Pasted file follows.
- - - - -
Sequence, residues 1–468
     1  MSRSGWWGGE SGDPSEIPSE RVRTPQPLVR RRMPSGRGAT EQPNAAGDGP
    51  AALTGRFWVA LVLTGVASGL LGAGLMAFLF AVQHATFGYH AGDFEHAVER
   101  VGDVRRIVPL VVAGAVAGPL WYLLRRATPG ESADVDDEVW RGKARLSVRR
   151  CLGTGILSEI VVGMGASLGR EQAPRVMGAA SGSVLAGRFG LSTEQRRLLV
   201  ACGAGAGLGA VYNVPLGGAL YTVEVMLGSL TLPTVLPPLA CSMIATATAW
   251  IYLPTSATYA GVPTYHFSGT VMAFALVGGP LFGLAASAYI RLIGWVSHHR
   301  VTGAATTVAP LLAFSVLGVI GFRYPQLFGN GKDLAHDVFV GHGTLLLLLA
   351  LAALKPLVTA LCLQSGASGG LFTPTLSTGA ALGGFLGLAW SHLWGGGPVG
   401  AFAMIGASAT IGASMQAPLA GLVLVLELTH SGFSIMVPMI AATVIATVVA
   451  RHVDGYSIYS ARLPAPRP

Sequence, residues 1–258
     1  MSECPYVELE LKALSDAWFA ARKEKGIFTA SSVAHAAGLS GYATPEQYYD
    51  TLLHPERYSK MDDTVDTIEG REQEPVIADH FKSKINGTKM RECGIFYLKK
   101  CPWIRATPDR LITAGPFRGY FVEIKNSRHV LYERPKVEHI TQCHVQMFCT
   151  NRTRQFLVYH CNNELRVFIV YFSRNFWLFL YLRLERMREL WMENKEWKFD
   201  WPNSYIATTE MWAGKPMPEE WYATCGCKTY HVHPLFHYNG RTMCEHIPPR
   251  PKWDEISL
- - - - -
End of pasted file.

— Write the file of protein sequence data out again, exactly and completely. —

Sequence, residues 1–468
     1  MSRSGWWGGE SGDPSEIPSE RVRTPQPLVR RRMPSGRGAT EQPNAAGDGP
    51  AALTGRFWVA LVLTGVASGL LGAGLMAFLF AVQHATFGYH AGDFEHAVER
   101  VGDVRRIVPL VVAGAVAGPL WYLLRRATPG ESADVDDEVW RGKARLSVRR
   151  CLGTGILSEI VVGMGASLGR EQAPRVMGAA SGSVLAGRFG LSTEQRRLLV
   201  ACGAGAGLGA VYNVPLGGAL YTVEVMLGSL TLPTVLPPLA CSMIATATAW
   251  IYLPTSATYA GVPTYHFSGT VMAFALVGGP LFGLAASAYI RLIGWVSHHR
   301  VTGAATTVAP LLAFSVLGVI GFRYPQLFGN GKDLAHDVFV GHGTLLLLLA
   351  LAALKPLVTA LCLQSGASGG LFTPTLSTGA ALGGFLGLAW SHLWGGGPVG
   401  AFAMIGASAT IGASMQAPLA GLVLVLELTH SGFSIMVPMI AATVIATVVA
   451  RHVDGYSIYS ARLPAPRP

Sequence, residues 1–258
     1  MSECPYVELE LKALSDAWFA ARKEKGIFTA SSVAHAAGLS GYATPEQYYD
    51  TLLHPERYSK MDDTVDTIEG REQEPVIADH FKSKINGTKM RECGIFYLKK
   101  CPWIRATPDR LITAGPFRGY FVEIKNSRHV LYERPKVEHI TQCHVQMFCT
   151  NRTRQFLVYH CNNELRVFIV YFSRNFWLFL YLRLERMREL WMENKEWKFD
   201  WPNSYIATTE MWAGKPMPEE WYATCGCKTY HVHPLFHYNG RTMCEHIPPR
   251  PKWDEISL